TOMBs of Reschette

This was cute. The general tone reminds me of when I was twelve; this sort of thing was the height of comedy back then. It's still amusing, but for me it's now more nostalgic than funny. I could do without the scrolling text effect.

We're here to hunt the Wumpus -- or whatever the "main monster" is called. Every iteration of its name is spelled differently, some variation of "Wampiroo", so it's never entirely clear if we're after a vampire or a large marsupial. (Okay, that part stuck me as more funny than nostalgic.) The means to defeat it is immediately on hand, and its lair is right in front of you on entering the dungeon; this could be a Very Quick Victory.

Of course, things get mixed up a bit if you try exploring first. After all, it can't possibly be that simple, right? Well, yes and no. Accomplishing our original stated goal is in fact that simple, but is that what we really want? Exploring the dungeons, we encounter a number of other monsters, most of which could be easily defeated by the weapon we have in hand; defeating them by other methods, however, is both more satisfying in itself, and opens up the path to a more satisfying victory of the game.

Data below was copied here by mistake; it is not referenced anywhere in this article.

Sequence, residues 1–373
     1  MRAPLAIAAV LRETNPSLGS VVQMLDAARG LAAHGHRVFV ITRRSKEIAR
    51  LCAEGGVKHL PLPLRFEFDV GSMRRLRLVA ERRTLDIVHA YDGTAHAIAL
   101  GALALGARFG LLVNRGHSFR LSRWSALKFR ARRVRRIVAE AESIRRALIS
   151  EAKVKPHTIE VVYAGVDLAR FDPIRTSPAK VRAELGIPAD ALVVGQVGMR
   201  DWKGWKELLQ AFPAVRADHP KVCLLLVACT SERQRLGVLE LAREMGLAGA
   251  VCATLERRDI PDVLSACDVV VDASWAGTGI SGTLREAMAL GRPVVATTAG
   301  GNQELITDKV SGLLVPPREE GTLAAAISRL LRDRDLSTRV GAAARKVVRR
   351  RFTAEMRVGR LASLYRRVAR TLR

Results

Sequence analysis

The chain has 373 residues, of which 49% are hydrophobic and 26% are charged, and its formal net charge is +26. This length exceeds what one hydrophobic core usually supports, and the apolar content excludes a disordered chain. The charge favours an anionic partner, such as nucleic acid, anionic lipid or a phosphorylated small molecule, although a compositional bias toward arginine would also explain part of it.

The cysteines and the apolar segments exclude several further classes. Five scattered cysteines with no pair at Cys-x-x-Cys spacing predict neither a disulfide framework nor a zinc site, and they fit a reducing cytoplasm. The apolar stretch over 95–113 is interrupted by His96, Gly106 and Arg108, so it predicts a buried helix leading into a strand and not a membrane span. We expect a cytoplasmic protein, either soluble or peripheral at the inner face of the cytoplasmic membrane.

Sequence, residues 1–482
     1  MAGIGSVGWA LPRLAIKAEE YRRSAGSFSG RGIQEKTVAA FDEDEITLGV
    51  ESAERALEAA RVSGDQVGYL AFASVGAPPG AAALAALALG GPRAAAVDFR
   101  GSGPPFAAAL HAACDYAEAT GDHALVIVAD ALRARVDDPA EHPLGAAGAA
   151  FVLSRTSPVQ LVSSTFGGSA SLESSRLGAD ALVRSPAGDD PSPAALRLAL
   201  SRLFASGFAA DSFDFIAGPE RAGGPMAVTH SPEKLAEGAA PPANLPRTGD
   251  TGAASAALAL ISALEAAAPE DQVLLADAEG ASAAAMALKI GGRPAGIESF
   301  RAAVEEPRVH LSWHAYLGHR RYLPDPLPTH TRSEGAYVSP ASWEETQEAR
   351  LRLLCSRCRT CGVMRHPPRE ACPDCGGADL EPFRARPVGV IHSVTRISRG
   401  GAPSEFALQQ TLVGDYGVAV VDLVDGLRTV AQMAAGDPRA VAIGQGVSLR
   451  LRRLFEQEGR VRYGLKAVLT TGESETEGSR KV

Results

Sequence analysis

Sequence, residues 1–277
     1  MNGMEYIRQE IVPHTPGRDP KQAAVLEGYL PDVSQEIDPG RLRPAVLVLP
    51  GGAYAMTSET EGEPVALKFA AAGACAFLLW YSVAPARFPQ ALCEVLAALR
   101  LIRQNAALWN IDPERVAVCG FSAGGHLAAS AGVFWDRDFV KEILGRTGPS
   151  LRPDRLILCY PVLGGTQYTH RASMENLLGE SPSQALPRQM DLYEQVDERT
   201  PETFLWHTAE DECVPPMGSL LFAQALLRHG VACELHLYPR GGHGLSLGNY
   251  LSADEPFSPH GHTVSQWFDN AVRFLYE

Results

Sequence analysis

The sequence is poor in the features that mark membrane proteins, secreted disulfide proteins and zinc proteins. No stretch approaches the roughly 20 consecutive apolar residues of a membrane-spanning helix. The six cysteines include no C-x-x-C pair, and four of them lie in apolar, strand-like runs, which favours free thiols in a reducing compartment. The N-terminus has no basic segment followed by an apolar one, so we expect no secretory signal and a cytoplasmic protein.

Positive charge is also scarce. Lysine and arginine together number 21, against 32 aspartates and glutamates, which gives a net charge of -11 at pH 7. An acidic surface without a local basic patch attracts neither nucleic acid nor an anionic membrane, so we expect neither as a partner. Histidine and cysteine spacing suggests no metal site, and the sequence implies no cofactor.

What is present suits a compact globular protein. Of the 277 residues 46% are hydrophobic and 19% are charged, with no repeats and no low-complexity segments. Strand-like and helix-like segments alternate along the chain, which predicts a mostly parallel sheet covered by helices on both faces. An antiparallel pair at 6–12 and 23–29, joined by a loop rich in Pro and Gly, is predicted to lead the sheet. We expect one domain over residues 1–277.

So it's all very meta and post-modern. There are three stats being tracked, which do not appear to have any in-game effect at all, their only purpose apparently being to reference roleplaying games in general and dungeon crawls in particular. At least one creature communicates intelligently with us, espousing a melancholy philosophy that stands out in juxtaposition with the gung-ho narrative tone. In the end ... well, to be honest, I think the final statement is a relatively simplistic moral, but there's evidence of some deeper thinking going on here than might be otherwise expected from the introduction.

I guess you could play it both ways. You could play it like Froot Loops and chocolate milk, or you could play it like lemony madeleines dipped in fair-trade coffee. It's up to you.